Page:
Watch Oscar-Nominated Documentary Universe, the Film that Inspired the Visual Effects of Stanley Kubrick’s 2001 and Gave the HAL 9000 Computer Its Voice (1960)

Before astro­nauts of the Apol­lo 8 mis­sion took the Earth­rise pho­to in Decem­ber 1968, the world had nev­er seen a clear col­or image of Earth from space. That is if we dis­count the stun­ning space pho­tog­ra­phy screened months ear­li­er to the tune of the “Blue Danube” in Stan­ley Kubrick’s 2001: A Space Odyssey. The film “used visu­al effects and imag­i­na­tion (both to a still-impres­sive degree),” as Col­in Mar­shall wrote here in a recent post, to make audi­ences believe that what they saw was indeed our blue mar­ble of a plan­et and oth­er col­or­ful points of inter­est in the solar system—on the way to a jour­ney into unchart­ed, psy­che­del­ic ter­ri­to­ry.

Eight years ear­li­er, film­mak­ers Roman Kroitor and Col­in Low used sim­i­lar tech­nol­o­gy, “real­is­tic ani­ma­tion,” writes the Nation­al Film Board of Cana­da, that takes us “into the far regions of space, beyond the reach of the strongest tele­scope, past Moon, Sun, and Milky Way into galax­ies yet unfath­omed.”

Their short doc­u­men­tary, Uni­verse, may not be much remem­bered now—and may have been far out­shone by both real and com­put­er-gen­er­at­ed footage—but in 1961, it claimed a nom­i­na­tion at the 33rd Acad­e­my Awards for Best Doc­u­men­tary Short Sub­ject. “Upon its release in 1960,” notes Liam Lacey at The Globe and Mail, “the Nation­al Aero­nau­tics and Space Admin­is­tra­tion ordered 300 copies.”

Anoth­er of the film’s admir­ers also hap­pened to be Kubrick. Biog­ra­ph­er Vin­cent Lobrut­to describes the auteur’s first encounter with Uni­verse:

Kubrick watched the screen with rapt atten­tion while a panora­ma of the galax­ies swirled by, achiev­ing the stan­dard of dynam­ic vision­ary real­ism that he was look­ing for. These images were not flawed by the shod­dy mat­te work, obvi­ous ani­ma­tion and poor minia­tures typ­i­cal­ly found in sci­ence fic­tion films. Uni­verse proved that the cam­era could be a tele­scope to the heav­ens. As the cred­its rolled, Kubrick stud­ied the names of the magi­cians who cre­at­ed the images: Col­in Low, Sid­ney Gold­smith, and Wal­ly Gen­tle­man.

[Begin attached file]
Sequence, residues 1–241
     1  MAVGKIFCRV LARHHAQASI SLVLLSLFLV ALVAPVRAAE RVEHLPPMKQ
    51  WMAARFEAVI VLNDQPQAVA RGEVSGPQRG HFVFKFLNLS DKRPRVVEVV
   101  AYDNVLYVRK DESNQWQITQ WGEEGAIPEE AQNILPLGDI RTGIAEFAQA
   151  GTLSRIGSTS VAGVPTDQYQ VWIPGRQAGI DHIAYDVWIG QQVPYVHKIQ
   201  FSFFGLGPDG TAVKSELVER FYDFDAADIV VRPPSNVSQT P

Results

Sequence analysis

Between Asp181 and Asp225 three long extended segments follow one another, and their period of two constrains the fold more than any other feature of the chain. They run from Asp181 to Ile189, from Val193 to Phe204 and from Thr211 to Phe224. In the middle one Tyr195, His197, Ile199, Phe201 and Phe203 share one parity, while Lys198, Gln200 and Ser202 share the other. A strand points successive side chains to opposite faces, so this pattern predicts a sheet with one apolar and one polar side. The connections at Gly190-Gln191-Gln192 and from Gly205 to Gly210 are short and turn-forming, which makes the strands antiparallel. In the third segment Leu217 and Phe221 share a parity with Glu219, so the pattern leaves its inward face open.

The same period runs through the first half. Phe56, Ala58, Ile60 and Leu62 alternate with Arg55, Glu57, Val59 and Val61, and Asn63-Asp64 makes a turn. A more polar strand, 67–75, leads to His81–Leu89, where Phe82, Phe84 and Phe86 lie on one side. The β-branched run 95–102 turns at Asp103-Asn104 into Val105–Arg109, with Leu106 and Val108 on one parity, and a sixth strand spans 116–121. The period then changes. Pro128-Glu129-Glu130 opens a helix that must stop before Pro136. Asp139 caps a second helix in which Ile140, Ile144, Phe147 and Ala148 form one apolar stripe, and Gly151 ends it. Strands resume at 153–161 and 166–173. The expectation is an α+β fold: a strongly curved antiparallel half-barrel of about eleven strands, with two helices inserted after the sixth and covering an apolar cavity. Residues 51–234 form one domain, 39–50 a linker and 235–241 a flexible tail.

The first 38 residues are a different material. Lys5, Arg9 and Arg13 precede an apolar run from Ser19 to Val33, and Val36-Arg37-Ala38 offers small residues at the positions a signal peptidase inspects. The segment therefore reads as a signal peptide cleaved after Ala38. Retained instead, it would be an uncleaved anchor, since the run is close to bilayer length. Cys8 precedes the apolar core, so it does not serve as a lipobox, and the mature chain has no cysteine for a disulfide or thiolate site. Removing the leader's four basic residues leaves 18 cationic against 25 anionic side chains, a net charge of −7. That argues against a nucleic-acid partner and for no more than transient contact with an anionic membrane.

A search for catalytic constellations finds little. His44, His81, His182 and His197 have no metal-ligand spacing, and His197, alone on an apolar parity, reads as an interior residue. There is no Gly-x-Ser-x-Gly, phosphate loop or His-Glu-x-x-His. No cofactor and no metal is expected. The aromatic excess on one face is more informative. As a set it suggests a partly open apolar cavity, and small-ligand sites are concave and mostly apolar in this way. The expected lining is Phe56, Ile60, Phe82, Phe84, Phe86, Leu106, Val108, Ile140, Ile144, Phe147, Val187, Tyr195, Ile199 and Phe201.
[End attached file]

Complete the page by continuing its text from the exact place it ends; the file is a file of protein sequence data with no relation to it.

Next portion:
The film was in black and white, not the eye-pop­ping tech­ni­col­or of Kubrick’s mas­ter­piece, but he saw in it exact­ly what he would need when he began work on 2001. “After study­ing Uni­verse for much of 1964,” writes Kubrick schol­ar Michael Ben­son, “ear­ly in the new year Kubrick decid­ed to repli­cate the film’s tech­niques.” He tried to hire Low, who declined because of his work on “his own ambi­tious project: In the Labyrinth,” Lacey writes. He did suc­ceed in hir­ing Wal­ly Gen­tle­man, the spe­cial effects artist who brought Uni­verse’s wiz­ardry to Kubrick­’s film.

Kubrick also hired Uni­verse’s nar­ra­tor, Dou­glas Rain, the Cana­di­an actor who passed away this past Novem­ber but who will live on indef­i­nite­ly into the future as the chill­ing, affect­less voice of the HAL 9000 com­put­er, ances­tor of Siri, Alexa, and the many voic­es of GPS sys­tems every­where. Hear Rain’s cool, detached nar­ra­tion in Uni­verse, above, and see why this extra­or­di­nary film—with the Richard Strauss-like pound­ing tym­pa­ni of Eldon Rathburn’s score—would have inspired Kubrick to make what may rank as the most mes­mer­iz­ing­ly cin­e­mat­ic, dra­mat­i­cal­ly com­pelling, of sci­ence fic­tion space films to this day.

Uni­verse will be added to our col­lec­tion, 1,700 Free Online Cours­es from Top Uni­ver­si­ties.

via Kot­tke

Relat­ed Con­tent:

1966 Film Explores the Mak­ing of Kubrick’s 2001: A Space Odyssey (and Our High-Tech Future)

How Stan­ley Kubrick Made His Mas­ter­pieces: An Intro­duc­tion to His Obses­sive Approach to Film­mak­ing

Stan­ley Kubrick Explains the Mys­te­ri­ous End­ing of 2001: A Space Odyssey in a New­ly Unearthed Inter­view

Josh Jones is a writer and musi­cian based in Durham, NC. Fol­low him at @jdmagness

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